Introduction– Post Laminectomy syndrome, previously known as “ Failed Back Syndrome” has been one of the most controversial and difficult situations confronting spine surgeons till date. There has been no established protocol for approaching patients with post laminectomy syndrome. In this study we aim to give an algorithmic approach towards management of post laminectomy syndrome that will help lay down guidelines for better treating this condition and decrease the revision rates and improve the functional outcome.
Material and Methods: This was a retrospective and prospective study conducted in our institute form MAY 2011 to MAY 2013. Patients selected as per inclusion and exclusion criteria were assessed pre and post operatively using functional scoring system that included VAS ,SF36 ,ODI SCORE and fusion was assessed radiographically using the Brantigan Steffee Fraser score every three months until upto 1 year.This protocol was approved by Institutional Review Board.
Observation and Results: In our study of 50 patients, we had 24 females (48%) and 26 males (52%) The mean age of the patients who undervent operations was 51.73 years (51.73 ± 20.27 years). 16% (n = 8) patients had a pre-operative neurodeficit. The rest of the patients had progressively worsening back and leg pains. In our study we observed that cause of failure of the previous or index surgery was Type 1 failure (recurrent disc herniation) in 20% (n=10) of cases, Type 2 failure (instability and restenosis) in 64% (n=32) of cases, of a total of 50 cases. Type 3 failure (Adjacent segment degeneration) was a cause of failed back syndrome in 16% cases (n=8). ASD, however, is studied over longer period of time and hence a limitation to our study of 1 year. We had one patient with Type 4 failure (loosening of pedicle screw innie) who had no symptoms and hence was treated conservatively. In our series we found a significant difference between the functional outcome pre op and and post op 1 year using SF36 score (90 ± 1.76 and 100 ± 1.00 respectively, p<0.001 ) and Oswestry disability index (55% and 21% respectively). We also found significant improvement on the VAS scoring for leg pain (6 ± 0.47 and 2 ± 0.52 respectively; p<0.001 ) and VAS for back pain (5.00 ± 0.76 and 1.00 ± 0.18 respectively; p< 0.001). Also there was a significant improvement on the Physical Component Survey pre op and post op 1 year (27.16 ± 8.01 and 56.19 ± 1.83 respectively; p<0.001 ) and Mental component survey (36.72 ± 11.69 and 58.87 ± 2.97 respectively; p<0.001). We also did not see any evidence of adjacent segment degeneration that was assess using Brantigan, Steffee, Fraser classification. In our case study, all patients had achieved grade 2 fusion as per this classification.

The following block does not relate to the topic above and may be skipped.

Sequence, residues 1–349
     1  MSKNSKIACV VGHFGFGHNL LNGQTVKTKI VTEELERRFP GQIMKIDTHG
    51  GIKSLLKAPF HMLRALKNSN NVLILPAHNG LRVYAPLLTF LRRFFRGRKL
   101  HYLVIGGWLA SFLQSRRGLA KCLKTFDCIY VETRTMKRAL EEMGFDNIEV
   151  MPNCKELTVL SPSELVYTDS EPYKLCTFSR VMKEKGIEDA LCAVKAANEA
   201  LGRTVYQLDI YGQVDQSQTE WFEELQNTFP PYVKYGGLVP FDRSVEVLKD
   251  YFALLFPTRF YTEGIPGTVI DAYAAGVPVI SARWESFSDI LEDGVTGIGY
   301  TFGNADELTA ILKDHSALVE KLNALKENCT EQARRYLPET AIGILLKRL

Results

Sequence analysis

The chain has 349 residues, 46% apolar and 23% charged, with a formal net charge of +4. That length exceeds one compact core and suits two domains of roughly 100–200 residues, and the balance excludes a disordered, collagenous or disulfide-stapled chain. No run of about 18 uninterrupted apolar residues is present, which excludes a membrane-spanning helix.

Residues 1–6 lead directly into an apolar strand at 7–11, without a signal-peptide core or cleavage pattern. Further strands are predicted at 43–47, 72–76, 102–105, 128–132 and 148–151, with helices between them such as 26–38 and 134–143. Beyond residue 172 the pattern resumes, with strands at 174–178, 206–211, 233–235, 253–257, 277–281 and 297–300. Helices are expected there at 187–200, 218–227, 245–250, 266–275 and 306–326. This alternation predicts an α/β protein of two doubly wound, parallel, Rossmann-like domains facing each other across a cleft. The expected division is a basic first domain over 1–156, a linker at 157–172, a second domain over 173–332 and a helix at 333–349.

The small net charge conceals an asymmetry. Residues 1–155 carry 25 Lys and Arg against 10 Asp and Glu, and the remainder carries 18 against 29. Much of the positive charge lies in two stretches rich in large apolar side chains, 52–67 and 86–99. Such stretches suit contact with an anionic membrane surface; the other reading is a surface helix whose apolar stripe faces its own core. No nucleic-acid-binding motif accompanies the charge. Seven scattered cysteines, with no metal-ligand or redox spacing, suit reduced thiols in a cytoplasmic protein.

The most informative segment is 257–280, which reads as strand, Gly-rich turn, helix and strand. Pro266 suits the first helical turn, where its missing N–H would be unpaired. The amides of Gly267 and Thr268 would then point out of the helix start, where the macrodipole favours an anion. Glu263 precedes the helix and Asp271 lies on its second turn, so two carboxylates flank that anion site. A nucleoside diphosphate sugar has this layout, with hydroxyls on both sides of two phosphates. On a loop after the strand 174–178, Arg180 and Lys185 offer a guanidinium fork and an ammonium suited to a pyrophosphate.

Discussion: We attempt to provide an algorithmic approach for the cases as per their causes after assessing their functional outcomes. Pertinent literature on revision lumbar spinal surgery has revealed a wide variation in success rates, ranging from 12% to 82%. However, recent literature suggest good surgical outcome following surgical intervention and the two most important criteria for success in revision spine surgery are the right selection of patients and adoption of proper technique in the hands of an experienced spine surgeon. Such surgeries are technically demanding, with complication rates reported to be around 9.6% overall. Adjacent segment degeneration has been studied over a period of 5 years or more in many studies. Since we are following up patients for only once year, this is a limitation to our study.
Conclusion: We have put forth an algorithmic approach for the management of the post laminectomy syndrome by segregating the patients into types of failures, which will provide for guidelines for better and successful management of these patients and that gives good functional outcomes. However, further study in required in terms of long term follow up.
How to Cite this Abstract
Chikle C, Khurjekar K, Hadgaonkar S, Sancheti P, Shyam A. Management algorithm and short term outcomes in operated cases of “FAILED BACK SYNDROME.I J Orthopaedic Conference Proceedings April 2014;1(2):8.